However, just how Cohen, who launched SAC Capital in 1992 with just $25 million, managed to generate some of the best returns in the $2.2 trillion industry always has remained a bit of a mystery. Over its history, the firm has provided investors a 25 percent return on average annually, even after charging some of the industry’s highest fees.
The mosaic theory of stock-picking is becoming something of a relic, with computer-driven quantitative trading replacing the need for knowing whether a company’s earnings will be worse or better than expected or whether it would be taken over. The use of industry consultants to gather bits of information to build an investment thesis has also fallen into disgrace with prosecution of traders who used so-called expert networks to build investment theses.
“I hardly know Stevie Cohen, but he was a great money manager for a long time. How he did it, I really don’t know,” said hedge fund pioneer Michael Steinhardt on Wednesday, as word of the imminent indictment of SAC Capital was spreading across Wall Street.
Cohen has said he is no fan of the term “edge.” In a 2011 deposition related to a separate lawsuit by a Canadian insurer, Cohen said, “I hate that word” when an opposing lawyer asked him whether it was used at SAC to describe having an advantage over other investors.
Yet, prosecutors said employees were hired for their network of contacts and then expected to come up with million-dollar trading ideas in stocks. Compliance and legal worries were often ignored, they said.
SAC’s computer and phone systems had designated inboxes and voicemails set up for traders to deliver their edgiest ideas, prosecutors said. Cohen also held ”semi-regular“ Sunday evening calls and in-person conversations” with traders to hear their best trading ideas.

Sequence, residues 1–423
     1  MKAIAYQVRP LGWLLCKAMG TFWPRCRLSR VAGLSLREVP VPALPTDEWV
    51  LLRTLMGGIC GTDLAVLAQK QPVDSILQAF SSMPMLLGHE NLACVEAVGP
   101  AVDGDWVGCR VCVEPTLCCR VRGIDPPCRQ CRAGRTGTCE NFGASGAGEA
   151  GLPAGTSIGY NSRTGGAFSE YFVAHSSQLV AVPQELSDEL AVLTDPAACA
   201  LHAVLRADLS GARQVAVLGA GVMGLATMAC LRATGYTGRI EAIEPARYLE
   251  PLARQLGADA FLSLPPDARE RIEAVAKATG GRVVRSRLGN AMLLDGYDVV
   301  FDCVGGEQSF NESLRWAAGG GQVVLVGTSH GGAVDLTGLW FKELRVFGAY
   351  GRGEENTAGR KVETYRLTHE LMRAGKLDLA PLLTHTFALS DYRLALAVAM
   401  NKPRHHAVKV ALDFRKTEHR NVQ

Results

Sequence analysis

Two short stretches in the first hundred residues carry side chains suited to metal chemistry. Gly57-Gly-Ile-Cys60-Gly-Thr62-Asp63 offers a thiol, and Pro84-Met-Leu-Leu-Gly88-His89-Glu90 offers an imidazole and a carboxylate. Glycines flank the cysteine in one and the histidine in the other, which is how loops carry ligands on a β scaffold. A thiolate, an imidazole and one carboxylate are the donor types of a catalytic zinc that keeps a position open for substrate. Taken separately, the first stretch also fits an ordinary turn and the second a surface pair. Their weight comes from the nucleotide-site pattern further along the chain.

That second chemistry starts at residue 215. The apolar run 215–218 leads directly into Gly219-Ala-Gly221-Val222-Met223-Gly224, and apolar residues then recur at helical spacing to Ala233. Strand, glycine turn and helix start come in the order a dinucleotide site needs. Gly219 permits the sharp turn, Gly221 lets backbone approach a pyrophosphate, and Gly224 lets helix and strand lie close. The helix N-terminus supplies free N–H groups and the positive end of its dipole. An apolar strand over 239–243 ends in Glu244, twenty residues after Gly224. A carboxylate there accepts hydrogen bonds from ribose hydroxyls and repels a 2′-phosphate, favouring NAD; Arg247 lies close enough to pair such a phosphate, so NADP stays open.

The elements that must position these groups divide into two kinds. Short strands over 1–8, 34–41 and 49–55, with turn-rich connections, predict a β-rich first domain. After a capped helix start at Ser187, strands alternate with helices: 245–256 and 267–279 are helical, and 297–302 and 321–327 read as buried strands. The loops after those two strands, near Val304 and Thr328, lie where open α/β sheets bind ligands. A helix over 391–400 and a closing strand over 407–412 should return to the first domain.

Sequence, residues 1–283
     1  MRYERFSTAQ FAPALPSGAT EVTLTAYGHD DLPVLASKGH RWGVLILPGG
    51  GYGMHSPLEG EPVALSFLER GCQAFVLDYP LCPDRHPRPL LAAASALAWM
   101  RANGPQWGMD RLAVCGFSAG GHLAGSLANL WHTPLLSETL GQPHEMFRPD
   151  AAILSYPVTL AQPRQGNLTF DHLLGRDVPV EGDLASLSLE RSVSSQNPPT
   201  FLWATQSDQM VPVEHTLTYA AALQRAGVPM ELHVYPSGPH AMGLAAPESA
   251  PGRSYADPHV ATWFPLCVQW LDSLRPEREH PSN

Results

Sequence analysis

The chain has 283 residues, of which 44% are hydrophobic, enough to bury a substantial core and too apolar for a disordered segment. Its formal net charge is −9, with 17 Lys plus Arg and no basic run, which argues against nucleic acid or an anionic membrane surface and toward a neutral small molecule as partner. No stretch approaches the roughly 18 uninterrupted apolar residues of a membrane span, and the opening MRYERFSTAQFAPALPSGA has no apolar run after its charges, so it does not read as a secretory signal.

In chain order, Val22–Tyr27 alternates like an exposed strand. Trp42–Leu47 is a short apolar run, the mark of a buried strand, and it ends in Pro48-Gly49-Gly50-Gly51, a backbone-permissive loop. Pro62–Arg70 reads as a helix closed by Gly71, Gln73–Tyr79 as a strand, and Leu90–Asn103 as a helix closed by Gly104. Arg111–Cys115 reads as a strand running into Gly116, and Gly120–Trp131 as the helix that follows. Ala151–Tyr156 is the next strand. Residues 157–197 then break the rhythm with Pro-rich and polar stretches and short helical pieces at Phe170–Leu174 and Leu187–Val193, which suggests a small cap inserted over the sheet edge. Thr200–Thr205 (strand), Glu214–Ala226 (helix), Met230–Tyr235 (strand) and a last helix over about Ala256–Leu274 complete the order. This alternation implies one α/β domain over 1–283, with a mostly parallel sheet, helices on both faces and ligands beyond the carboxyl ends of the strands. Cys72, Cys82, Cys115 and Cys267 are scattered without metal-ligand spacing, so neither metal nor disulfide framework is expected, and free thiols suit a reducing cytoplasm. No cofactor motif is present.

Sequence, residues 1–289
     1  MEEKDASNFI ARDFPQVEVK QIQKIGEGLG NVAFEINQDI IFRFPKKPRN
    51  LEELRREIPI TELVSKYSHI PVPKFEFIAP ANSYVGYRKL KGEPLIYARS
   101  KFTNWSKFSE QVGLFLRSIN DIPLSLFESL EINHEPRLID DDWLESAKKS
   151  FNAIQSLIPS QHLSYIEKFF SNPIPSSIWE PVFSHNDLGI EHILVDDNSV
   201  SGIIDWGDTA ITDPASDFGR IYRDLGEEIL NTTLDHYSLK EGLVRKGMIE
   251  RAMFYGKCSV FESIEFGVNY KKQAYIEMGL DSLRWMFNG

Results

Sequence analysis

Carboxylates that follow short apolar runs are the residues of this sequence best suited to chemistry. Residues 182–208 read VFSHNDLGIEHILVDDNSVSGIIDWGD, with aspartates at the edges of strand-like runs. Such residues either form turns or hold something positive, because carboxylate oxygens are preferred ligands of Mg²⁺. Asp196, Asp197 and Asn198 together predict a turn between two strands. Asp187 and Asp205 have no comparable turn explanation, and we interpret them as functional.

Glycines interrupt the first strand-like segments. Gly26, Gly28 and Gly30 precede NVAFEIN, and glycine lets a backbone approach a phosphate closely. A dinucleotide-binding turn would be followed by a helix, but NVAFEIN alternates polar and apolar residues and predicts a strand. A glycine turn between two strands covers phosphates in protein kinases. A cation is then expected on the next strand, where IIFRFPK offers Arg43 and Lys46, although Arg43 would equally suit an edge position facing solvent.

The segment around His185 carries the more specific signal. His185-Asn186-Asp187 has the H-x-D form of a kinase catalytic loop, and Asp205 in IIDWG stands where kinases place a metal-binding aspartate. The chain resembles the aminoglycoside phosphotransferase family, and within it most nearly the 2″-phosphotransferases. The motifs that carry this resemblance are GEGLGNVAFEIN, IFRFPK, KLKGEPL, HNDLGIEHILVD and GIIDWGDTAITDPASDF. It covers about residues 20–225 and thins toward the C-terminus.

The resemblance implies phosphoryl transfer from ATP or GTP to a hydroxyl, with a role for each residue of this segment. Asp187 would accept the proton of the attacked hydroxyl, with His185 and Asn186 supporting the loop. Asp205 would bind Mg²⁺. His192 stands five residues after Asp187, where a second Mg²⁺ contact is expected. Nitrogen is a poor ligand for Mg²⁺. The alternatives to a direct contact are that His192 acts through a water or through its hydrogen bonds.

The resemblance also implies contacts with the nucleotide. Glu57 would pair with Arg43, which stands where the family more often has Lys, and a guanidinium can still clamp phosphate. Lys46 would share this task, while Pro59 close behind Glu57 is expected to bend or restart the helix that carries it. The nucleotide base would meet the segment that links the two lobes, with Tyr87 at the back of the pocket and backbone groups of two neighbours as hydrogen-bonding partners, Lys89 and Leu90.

Some examples cited by prosecutors: an SAC job candidate who shared a house in the Hamptons with the chief financial officer of a large publicly traded industrial company; a portfolio manager who allegedly traded on inside information he said he had received from “a friend of my cousin” who worked in the finance department of Dell Inc; and an analyst who had a “buddy” who happened to be a “senior guy at Microsoft.”
Representatives for Dell and Microsoft Corp did not immediately comment on the indictment.
Howard Ross, a financial recruiter with BOC Staffing Solutions, said the scandal has changed what job candidates have to highlight in their resumes.
In the indictment, prosecutors alleged that SAC’s due diligence reports on candidates had no reference “to ethics, integrity, compliance.” On one occasion, SAC even hired a candidate despite his reputation for insider trading.
Ross said, “Compliance, regulatory controls and risk - those are the three hottest areas that we’re dealing with these days.”
“There’s definitely been a huge shift because managers are now accountable not just for the bottom line but for making sure they’re running cleaner, safer operations,” he said.
(This story is refiled to delete extraneous word in fifth paragraph)
Additional reporting by Katya Wachtel and Jennifer Ablan in New York and Svea Herbst-Bayliss in Boston; editing by Paritosh Bansal and Richard Chang